The Bombay High Court has directed the Nashik Municipal Corporation (NMC) to carry out a fresh exercise of identifying unauthorised religious structures in the city and follow the procedure laid down for it by the Maharashtra government.
The state government had issued a resolution on May 5, 2011 for regularisation of unauthorised religious shrines.
As per the government resolution (GR), the constructions carried out after September 29, 2009 are to be demolished.
Religious structures constructed before that will be categorised as those which could be regularised, those which create obstacles to traffic and hence cannot be regularised, and the third category of those which could be relocated to another suitable place.
The GR had laid down a specified procedure to be followed before deciding which structure needs to be regularised, demolished or relocated.
As per the GR, a committee had to be set up at the corporation and district council levels to undertake the exercise.
Two Nashik residents — Vinod Thorat and Kailas Deshmukh — approached the high court challenging the city civic body’s decision to issue notices of demolition to 530 unauthorised religious structures in August this year.
The petition claimed that the NMC had not followed the due procedure laid down in the GR and failed to give opportunity to the stakeholders concerned.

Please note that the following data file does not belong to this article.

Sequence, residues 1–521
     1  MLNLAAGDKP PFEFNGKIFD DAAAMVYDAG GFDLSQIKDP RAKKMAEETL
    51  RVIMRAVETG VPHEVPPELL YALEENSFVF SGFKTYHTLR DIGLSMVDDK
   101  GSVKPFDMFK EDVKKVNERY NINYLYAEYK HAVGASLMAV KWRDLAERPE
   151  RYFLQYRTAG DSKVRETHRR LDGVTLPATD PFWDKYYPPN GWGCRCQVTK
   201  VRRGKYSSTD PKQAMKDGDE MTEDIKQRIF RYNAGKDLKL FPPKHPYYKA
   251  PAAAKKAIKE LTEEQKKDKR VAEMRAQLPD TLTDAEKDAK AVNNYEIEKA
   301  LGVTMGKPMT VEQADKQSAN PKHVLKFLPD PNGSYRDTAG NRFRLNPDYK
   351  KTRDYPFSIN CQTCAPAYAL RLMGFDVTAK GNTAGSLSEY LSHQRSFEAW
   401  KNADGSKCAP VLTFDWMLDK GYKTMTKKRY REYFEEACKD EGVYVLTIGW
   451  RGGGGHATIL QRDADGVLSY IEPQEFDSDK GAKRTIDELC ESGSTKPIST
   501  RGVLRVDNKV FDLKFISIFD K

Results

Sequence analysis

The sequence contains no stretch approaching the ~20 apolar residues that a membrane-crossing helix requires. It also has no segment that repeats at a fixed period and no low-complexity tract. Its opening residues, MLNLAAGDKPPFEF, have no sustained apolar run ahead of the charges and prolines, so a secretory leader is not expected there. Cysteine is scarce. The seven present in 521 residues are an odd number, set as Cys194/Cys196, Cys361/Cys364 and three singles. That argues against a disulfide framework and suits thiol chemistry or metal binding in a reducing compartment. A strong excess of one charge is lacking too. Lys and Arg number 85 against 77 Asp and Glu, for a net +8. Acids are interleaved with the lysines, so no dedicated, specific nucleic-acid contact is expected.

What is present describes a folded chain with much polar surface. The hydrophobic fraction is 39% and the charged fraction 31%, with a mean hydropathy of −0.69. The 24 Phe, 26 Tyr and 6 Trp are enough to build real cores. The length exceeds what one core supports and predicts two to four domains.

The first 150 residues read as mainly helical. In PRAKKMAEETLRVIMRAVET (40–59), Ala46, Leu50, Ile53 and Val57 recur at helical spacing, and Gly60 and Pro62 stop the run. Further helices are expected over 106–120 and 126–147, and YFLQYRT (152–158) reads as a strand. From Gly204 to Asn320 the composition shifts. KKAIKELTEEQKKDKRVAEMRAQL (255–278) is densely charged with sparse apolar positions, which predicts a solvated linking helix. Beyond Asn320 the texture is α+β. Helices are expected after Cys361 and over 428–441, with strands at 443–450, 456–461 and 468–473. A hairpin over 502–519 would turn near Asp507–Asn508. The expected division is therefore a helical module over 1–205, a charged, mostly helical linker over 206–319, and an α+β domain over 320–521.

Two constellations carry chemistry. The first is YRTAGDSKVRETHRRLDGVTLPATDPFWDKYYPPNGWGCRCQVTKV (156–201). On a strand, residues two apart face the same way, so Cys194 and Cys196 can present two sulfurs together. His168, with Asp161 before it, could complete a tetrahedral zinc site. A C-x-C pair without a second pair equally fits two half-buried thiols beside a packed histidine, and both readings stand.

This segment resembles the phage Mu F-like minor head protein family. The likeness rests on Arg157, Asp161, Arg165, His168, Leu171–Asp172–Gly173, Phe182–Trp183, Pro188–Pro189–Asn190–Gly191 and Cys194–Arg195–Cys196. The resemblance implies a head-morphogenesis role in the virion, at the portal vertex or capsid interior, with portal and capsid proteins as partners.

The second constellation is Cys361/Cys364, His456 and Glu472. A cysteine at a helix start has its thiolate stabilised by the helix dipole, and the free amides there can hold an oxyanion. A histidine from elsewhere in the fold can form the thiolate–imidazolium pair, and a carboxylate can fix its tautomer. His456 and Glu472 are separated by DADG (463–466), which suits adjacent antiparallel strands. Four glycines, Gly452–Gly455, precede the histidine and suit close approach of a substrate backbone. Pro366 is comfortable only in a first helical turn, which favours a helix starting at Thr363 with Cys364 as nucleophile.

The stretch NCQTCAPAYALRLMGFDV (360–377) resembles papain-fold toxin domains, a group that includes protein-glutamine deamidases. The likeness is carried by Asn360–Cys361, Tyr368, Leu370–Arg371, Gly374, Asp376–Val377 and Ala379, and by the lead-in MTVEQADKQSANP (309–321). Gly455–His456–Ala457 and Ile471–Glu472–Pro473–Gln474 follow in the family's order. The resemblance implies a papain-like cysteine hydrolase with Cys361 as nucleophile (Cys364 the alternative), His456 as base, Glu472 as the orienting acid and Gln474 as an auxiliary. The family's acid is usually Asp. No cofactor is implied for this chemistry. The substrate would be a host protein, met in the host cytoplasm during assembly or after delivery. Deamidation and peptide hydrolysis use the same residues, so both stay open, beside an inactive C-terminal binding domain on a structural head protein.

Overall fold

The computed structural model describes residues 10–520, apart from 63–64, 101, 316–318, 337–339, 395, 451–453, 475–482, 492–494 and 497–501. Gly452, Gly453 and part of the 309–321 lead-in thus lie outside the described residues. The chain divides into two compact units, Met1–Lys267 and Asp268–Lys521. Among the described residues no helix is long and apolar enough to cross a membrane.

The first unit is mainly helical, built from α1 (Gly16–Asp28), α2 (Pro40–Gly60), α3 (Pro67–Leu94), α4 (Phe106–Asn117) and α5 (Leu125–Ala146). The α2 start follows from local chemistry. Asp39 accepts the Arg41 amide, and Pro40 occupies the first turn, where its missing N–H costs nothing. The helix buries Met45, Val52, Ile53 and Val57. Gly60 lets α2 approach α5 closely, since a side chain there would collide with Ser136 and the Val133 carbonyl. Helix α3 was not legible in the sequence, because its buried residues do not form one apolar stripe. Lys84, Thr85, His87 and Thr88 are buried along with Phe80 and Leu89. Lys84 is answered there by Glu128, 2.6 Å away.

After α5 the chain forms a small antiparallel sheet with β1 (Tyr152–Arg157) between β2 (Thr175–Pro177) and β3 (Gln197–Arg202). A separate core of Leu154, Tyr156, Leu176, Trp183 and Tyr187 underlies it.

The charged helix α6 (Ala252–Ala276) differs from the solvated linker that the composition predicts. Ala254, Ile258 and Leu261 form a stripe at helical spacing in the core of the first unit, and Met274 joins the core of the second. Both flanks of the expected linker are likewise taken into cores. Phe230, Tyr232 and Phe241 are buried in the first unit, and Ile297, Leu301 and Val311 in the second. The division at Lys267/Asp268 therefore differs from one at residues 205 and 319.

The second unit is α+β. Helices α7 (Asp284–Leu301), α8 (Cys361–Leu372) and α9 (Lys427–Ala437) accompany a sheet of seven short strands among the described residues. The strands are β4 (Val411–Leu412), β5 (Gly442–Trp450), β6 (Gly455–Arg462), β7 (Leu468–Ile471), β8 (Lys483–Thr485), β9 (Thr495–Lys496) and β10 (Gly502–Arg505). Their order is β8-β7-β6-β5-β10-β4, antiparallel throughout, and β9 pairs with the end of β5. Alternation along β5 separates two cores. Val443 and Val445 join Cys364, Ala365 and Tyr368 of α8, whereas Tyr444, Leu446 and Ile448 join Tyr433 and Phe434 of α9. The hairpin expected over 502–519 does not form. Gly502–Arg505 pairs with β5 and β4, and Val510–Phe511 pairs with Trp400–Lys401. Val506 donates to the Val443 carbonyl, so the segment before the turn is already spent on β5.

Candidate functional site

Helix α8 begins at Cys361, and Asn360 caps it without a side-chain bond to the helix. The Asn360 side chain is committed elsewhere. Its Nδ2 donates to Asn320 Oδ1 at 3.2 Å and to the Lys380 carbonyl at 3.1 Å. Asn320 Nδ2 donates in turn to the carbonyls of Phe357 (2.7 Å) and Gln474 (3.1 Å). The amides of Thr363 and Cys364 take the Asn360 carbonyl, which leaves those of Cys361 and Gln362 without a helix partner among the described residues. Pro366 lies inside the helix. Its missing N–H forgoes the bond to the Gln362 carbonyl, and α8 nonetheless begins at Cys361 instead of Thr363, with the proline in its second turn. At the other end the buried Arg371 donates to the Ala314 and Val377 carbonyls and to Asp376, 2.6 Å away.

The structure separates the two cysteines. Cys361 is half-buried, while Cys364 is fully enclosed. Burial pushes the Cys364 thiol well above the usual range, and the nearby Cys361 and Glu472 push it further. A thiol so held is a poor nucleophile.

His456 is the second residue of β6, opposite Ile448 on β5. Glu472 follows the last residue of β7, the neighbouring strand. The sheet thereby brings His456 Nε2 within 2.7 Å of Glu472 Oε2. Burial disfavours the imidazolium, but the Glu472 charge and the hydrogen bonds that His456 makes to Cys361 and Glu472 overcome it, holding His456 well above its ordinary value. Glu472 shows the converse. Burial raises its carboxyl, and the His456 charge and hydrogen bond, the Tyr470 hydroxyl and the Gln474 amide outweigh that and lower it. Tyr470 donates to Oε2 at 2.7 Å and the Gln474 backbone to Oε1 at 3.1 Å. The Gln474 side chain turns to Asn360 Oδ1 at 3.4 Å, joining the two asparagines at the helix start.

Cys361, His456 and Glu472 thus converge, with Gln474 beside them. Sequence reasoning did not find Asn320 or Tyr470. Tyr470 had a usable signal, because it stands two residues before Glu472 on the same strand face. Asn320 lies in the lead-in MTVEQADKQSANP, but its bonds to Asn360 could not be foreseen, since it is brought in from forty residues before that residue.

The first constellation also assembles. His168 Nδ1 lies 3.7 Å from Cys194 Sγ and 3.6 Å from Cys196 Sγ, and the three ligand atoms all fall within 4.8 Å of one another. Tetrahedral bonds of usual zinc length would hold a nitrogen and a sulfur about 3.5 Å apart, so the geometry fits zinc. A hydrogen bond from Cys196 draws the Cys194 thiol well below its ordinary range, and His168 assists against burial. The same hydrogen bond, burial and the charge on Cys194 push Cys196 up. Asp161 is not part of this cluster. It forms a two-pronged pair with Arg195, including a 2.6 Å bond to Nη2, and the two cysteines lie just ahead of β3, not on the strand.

The corporation should have also issued a list of religious structures that would face demolition in newspapers before issuing demolition notices as mandated in the GR, the petition said.
The corporation in its defence said a list of 530 religious structures was put up on websites of the NMC and the Nashik police. An advertisement about this was also published in prominent newspapers in February 2016.
A division bench of Justices B R Gavai and M S Karnik earlier this month accepted contentions of the petition and noted that the GR mandated that the entire list of those religious structures that face demolition has to be published in prominent newspapers.
“Mere release of a press note in the newspaper that the list of structures categorised can be found on the website of the corporation is not sufficient compliance of the GR,” the court said.
It noted that the civic body arrived at the decision that 530 structures were constructed after September 29, 2009 without offering an opportunity to stakeholders to counter the claim and prove that the structures were constructed prior to that date.
“…therefore the corporation’s decision is in violation of the mandatory procedure prescribed in the GR,” the court said.
The high court directed the civic body’s committee to identify structures constructed prior and post September 29, 2009 afresh and by following the procedure laid down in the GR.
After this exercise, the corporation shall submit list of those structures that face demolition in prominent newspapers and invite objections to the same.
The civic body shall hear the objections and then take a final decision in a period of three months thereafter, the court said.
The bench, however, clarified that the structures located on footpaths or public roads and obstructing traffic shall be demolished and will not be covered under this order.